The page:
Founded in 1877, and named after its first master, Arthur John Brogden Lodge No 1715 has occupied its present small, unique and built for purpose Masonic hall in Grange-over-Sands since 1895. In fact, it has been in existence since before the town of Grange added the suffix ‘over Sands’ to its name. This addition took place around the end of the late 19th century as apparently the local vicar got frustrated with his mail being directed to the village of Grange situated within the Borrowdale Valley in the Lake District.
The addition alludes to the fact that access to the town, before the railway line was constructed, was made by foot or carriage over the sands of Morecambe Bay when the tide had fully ebbed. In general conversation locally it has become the custom to refer to the lodge by the initials AJB rather than use its full name.
The latest master of the lodge is Barry Saunders who was installed by his predecessor Alan Telford in a delightful ceremony held at the bijou hall. Alan had helped the lodge out by undertaking a second stint in the pre-eminent office due to a hiatus in the succession planning process. He had performed his duties throughout the year with all the enthusiasm he showed during his first time in the chair. Principal guest Phil Gardner was later to describe the work of Alan in installing Barry as being ‘sincere and dignified’.
Grange resident Barry, who is a builder and the owner of a caravan site, showed great promise as he went about his new duties in an accomplished fashion. Over the past few years Barry has acted as the social secretary for AJB and after one lodge meeting each year, he has organised a fund-raising event which has become established as part of the calendar within the Furness and South Lakeland Group. Local good causes such as the Brownies and the hospice have been the focus of the proceeds raised on these occasions.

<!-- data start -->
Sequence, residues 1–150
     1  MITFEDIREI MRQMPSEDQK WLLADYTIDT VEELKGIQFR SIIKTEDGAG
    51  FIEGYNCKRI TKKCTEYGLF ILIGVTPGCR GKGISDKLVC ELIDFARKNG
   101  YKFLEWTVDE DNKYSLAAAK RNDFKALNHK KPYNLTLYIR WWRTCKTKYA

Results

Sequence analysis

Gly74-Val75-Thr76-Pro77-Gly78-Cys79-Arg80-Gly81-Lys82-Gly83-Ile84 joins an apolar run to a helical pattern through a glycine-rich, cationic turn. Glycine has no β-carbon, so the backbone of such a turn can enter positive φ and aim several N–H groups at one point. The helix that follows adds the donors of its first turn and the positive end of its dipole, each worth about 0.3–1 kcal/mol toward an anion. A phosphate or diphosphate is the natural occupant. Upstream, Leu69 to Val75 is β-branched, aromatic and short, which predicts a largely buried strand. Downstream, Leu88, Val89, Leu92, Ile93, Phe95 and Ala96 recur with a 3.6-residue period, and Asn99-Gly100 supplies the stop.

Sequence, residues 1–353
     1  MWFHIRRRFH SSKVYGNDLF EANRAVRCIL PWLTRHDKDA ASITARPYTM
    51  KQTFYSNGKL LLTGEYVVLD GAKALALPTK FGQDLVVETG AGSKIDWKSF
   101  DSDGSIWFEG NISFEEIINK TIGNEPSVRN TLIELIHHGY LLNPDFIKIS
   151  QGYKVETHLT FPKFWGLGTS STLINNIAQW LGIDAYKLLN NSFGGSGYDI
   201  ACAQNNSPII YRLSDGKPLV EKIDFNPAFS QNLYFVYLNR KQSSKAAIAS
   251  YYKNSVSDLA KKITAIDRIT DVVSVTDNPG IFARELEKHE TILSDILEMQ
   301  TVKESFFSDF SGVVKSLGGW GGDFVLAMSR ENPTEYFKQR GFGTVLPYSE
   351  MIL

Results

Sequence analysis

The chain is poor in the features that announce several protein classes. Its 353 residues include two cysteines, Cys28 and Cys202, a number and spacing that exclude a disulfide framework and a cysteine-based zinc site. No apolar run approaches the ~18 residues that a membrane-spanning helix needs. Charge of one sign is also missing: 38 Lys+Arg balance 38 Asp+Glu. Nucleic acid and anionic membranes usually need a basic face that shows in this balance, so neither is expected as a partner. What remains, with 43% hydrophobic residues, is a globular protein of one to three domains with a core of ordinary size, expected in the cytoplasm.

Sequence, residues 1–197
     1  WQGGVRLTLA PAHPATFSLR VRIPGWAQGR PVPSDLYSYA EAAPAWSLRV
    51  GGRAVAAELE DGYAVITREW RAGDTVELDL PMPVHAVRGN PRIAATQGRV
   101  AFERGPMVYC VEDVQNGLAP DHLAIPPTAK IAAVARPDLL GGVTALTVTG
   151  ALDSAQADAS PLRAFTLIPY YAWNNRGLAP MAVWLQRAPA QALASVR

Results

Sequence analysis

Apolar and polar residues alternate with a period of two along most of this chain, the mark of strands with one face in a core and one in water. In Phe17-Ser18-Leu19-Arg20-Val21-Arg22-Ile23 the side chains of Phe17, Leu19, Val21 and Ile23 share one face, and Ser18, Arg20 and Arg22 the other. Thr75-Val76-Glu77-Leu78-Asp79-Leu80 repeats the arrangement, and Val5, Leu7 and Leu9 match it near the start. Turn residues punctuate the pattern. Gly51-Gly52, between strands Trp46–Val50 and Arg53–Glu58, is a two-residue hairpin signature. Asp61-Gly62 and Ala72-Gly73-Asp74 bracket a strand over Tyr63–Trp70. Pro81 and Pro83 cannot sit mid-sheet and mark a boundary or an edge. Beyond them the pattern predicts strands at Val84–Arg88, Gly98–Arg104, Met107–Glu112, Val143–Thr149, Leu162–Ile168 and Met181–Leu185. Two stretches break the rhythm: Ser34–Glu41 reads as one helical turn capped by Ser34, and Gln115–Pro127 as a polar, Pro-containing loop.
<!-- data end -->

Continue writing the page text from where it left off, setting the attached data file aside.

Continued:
Others too played their part in the proceedings. Chris Band addressed the deacons as to their duties whilst acting Provincial Grand Steward David Ingham was called upon to undertake a similar task in respect of the stewards. John Telford, father of Alan, delivered the address to the newly installed master. Brian Howson undertook a similar responsibility in respect of the address to the senior warden Alex Lowe and junior warden Ian Curwen. Phil was made to sing for his supper and orated the address to the brethren of the lodge. All played their part well and added to the enjoyment of the occasion.
However, the excellence of the ceremony was not just down solely to the efforts of the more experienced brethren. Craig Lennette, Tom Anderson and Andy Hull received great plaudits for the manner in which they presented and explained the working tools of the third, second and first degrees respectively. In Tom’s case it was the extended version of the second degree tools.
The trio were all accurate, clear and very accomplished in their work. It augurs well for the future of the lodge when three junior members can perform to such a high standard. Director of ceremonies Steve Lannaghan can take pride in the work of his charges and is able look forward with some degree of confidence to working with some junior Masons who offer great promise as regards the ceremonial aspect of the order.
Phil was able to announce that to mark the occasion the lodge had presented £850 to the Masonic Charitable Foundation 2021 Festival. Group charity steward Richard Wilcock was on hand to declare that the total amount denoted by the lodge, along with additions from the group matched-funding scheme, meant that they were now Grand Patrons of the Festival and he presented Barry with a certificate confirming the achievement.
As well as Phil and Chris other grand officers in the persons of David Grainger, Rowly Saunders, Alan Jones, Barrie Crossley and group chairman Peter Schofield added further lustre to the occasion.
David Ingham was in the company of fellow acting Provincial grand officers Phil Preston, Alan Hilton and Terry Ridal. Group vice chairman Gary Rogerson and secretary Alan Pattinson were amongst the visitors showing their support.
Following the ceremony, it was a short trip downstairs to the dining room. When first opened, the lower room had not been used by the lodge but for the initial 12 years after its construction it had been rented out as a furniture store and cabinets makers premises. It became the dining room in 1907. There were 65 members and visitors seated for dinner.
With it being that time of the year when lodges tend to have traditional Christmas fare after their meetings it was a pleasure to enjoy a three-course meal featuring beef as the main course. This went down particularly well with the visiting masters who were anticipating their fifth turkey dinner of the week!
A good ceremony, funds collected for charity and tasty food enjoyed in pleasant company proved an excellent way to spend an evening and take pleasure in being a Mason.